AIP-157

Partial responses

Sometimes, a resource can be either large or expensive to compute, and the API needs to give the user control over which fields it sends back.

Guidance

APIs may support partial responses in one of two ways (but the same API must not use both):

View enumeration

View enums are useful for situations where an API only wants to expose a small number of permutations to the user:

enum BookView {
  // The default / unset value.
  // The API will default to the BASIC view.
  BOOK_VIEW_UNSPECIFIED = 0;

  // Include basic metadata about the book, but not the full contents.
  // This is the default value (for both ListBooks and GetBook).
  BASIC = 1;

  // Include everything.
  FULL = 2;
}
  • The enum should be specified as a view field on List/Get RPC requests.
  • The enum should be named something ending in -View
  • The enum should at minimum have values named BASIC and FULL (although it may have values other than these).
  • The UNSPECIFIED value must be valid (not an error), and the API must document what the unspecified value will do).
    • For List RPCs, the effective default value should be BASIC.
    • For Get RPCs, the effective default value should be either BASIC or FULL.
  • The enum should be defined at the top level of the proto file (as it is needed in both the Get and List request).
  • APIs may add fields to a given view over time. APIs must not remove a field from a given view (this is a breaking change).

Read masks

Read masks are useful for granting the user fine-grained control over what fields are returned, and are specified as a single field on the request message: google.protobuf.FieldMask read_mask.

  • The field mask must be a google.protobuf.FieldMask and should be named read_mask.
  • The field mask should be optional, and the API should provide and document an appropriate default if the field mask is not provided.
    • An explicit value of "*" should be supported, and must return all fields.
    • The default value may be something other than "*" (for example, if certain fields are expensive to compute and it is preferable to exclude them by default).
    • The field mask may be designated as required if necessary.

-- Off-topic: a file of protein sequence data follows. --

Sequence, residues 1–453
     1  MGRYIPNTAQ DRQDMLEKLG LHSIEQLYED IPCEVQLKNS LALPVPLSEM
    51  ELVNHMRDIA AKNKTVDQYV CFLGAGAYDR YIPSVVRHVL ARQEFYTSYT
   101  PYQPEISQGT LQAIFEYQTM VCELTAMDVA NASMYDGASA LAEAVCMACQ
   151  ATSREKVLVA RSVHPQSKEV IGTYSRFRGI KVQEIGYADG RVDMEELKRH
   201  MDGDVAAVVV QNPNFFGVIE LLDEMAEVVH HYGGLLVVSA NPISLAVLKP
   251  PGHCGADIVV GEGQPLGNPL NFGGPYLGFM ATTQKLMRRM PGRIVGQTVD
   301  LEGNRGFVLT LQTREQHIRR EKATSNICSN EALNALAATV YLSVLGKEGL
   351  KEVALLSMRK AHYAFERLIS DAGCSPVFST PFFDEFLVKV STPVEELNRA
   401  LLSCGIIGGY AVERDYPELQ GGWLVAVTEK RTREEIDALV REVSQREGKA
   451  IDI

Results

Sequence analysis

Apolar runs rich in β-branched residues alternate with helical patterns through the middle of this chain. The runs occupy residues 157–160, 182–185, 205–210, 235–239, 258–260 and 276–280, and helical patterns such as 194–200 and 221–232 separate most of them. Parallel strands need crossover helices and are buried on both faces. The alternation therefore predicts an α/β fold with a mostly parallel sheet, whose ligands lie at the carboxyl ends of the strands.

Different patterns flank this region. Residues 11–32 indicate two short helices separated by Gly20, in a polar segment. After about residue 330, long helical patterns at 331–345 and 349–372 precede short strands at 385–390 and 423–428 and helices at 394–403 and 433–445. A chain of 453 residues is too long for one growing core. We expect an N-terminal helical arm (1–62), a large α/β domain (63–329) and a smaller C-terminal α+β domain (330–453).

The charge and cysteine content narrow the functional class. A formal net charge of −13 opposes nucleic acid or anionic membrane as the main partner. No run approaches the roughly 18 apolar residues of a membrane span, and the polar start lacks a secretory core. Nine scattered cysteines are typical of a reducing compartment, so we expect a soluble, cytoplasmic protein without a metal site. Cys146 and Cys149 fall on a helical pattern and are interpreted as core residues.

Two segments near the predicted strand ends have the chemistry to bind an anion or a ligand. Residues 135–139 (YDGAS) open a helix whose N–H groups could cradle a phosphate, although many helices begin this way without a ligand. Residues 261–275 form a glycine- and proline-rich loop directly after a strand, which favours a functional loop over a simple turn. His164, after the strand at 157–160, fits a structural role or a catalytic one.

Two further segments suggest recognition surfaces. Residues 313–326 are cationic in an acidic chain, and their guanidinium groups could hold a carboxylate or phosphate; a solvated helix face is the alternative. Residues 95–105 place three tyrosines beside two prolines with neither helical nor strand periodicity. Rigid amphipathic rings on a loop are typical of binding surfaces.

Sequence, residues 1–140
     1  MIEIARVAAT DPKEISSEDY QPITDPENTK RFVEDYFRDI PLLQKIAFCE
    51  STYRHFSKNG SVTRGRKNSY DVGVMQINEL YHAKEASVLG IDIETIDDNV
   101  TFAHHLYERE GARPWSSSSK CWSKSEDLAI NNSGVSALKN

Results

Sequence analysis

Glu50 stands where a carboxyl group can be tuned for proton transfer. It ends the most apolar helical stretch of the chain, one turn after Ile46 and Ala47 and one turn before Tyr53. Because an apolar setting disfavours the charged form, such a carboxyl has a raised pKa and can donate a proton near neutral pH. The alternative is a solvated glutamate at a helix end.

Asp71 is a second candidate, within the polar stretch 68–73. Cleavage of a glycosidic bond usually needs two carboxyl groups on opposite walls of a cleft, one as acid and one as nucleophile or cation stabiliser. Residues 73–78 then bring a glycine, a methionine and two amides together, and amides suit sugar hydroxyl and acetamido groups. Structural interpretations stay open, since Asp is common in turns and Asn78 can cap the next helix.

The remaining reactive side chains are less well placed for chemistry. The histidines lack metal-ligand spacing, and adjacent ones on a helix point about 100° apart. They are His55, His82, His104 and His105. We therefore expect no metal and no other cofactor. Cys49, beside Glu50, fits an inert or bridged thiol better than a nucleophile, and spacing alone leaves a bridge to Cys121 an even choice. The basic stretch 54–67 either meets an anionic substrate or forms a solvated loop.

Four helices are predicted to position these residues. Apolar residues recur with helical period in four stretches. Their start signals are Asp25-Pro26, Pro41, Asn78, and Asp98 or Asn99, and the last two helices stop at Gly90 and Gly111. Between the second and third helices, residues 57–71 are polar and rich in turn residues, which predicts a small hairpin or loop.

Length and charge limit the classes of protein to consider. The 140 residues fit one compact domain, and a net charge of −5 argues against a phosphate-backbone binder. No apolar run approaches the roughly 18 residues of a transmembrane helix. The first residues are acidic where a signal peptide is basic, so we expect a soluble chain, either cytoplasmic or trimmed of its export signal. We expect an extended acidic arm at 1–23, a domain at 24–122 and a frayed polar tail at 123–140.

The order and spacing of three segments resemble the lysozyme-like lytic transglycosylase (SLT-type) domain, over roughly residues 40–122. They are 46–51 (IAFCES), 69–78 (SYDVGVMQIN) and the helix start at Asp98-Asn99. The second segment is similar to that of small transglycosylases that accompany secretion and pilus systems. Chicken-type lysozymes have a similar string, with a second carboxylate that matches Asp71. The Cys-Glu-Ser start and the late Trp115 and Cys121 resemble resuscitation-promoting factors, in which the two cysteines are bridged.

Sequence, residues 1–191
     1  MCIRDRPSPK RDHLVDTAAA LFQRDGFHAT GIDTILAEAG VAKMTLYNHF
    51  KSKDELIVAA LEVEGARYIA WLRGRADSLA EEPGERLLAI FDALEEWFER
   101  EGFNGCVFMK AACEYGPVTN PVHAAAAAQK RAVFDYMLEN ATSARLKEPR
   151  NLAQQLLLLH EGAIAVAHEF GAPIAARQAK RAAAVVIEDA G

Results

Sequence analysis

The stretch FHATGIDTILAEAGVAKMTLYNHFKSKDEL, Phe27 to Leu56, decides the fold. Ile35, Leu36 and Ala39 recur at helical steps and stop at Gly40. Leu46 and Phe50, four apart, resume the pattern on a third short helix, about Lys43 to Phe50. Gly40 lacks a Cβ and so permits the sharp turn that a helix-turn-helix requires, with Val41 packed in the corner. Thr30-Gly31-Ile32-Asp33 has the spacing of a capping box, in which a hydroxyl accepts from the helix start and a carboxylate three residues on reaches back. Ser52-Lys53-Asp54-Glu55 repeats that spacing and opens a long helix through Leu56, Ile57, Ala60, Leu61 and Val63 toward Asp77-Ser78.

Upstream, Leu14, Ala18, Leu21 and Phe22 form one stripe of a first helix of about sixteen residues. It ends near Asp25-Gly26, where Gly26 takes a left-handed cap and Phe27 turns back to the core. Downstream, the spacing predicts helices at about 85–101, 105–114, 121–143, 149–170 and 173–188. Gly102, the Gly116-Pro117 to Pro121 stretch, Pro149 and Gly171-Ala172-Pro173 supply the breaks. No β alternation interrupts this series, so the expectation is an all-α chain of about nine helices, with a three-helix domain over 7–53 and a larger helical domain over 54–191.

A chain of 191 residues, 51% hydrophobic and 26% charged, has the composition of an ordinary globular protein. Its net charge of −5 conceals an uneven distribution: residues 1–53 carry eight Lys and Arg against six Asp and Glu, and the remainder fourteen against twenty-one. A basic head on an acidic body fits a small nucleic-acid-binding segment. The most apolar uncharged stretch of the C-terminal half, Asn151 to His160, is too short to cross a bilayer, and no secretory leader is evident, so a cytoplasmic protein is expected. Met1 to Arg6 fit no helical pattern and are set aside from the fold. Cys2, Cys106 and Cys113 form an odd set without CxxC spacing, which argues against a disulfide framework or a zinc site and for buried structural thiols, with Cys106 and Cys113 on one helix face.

• The default for List and Get may be different from each other. However, if they are, the default for Get must be a (non-strict) superset of the default for List.
  • An API may allow read masks with non-terminal repeated fields (unlike update masks), but is not obligated to do so.

Choosing a strategy

Individual APIs have their own needs, and a partial response strategy that is appropriate for one API may not be appropriate for another. However, generally APIs should not providing resource views unless they are truly needed.

Benefits of view enums

  • View enums allow an API to present the user with a limited number of choices, and are useful when presenting fine-grained control will be cumbersome, or in situations where the additional information returned represents a different tier of service.
  • View enums allow the API to add fields to each view over time, if desired.
  • View enums usually require less upkeep for users.
  • View enums are effective when the API knows which fields are expensive to compute, and that this cost will not significantly change over time.

Benefits of read masks

  • Read masks allow the user fine-grained control, and are ideal when the user wants to get precisely a certain set of fields back, and there are too many combinations to reasonably represent with view enums.
  • Read masks are beneficial when separate fields are independently expensive to compute, and an API wants to send back only the subset that the user needs.

Note: If an API requires partial responses, it should generally decide to either support view enums or read masks across the board, but not mix and match. If an API does support both, it must not support both a view and a read mask on the same resource.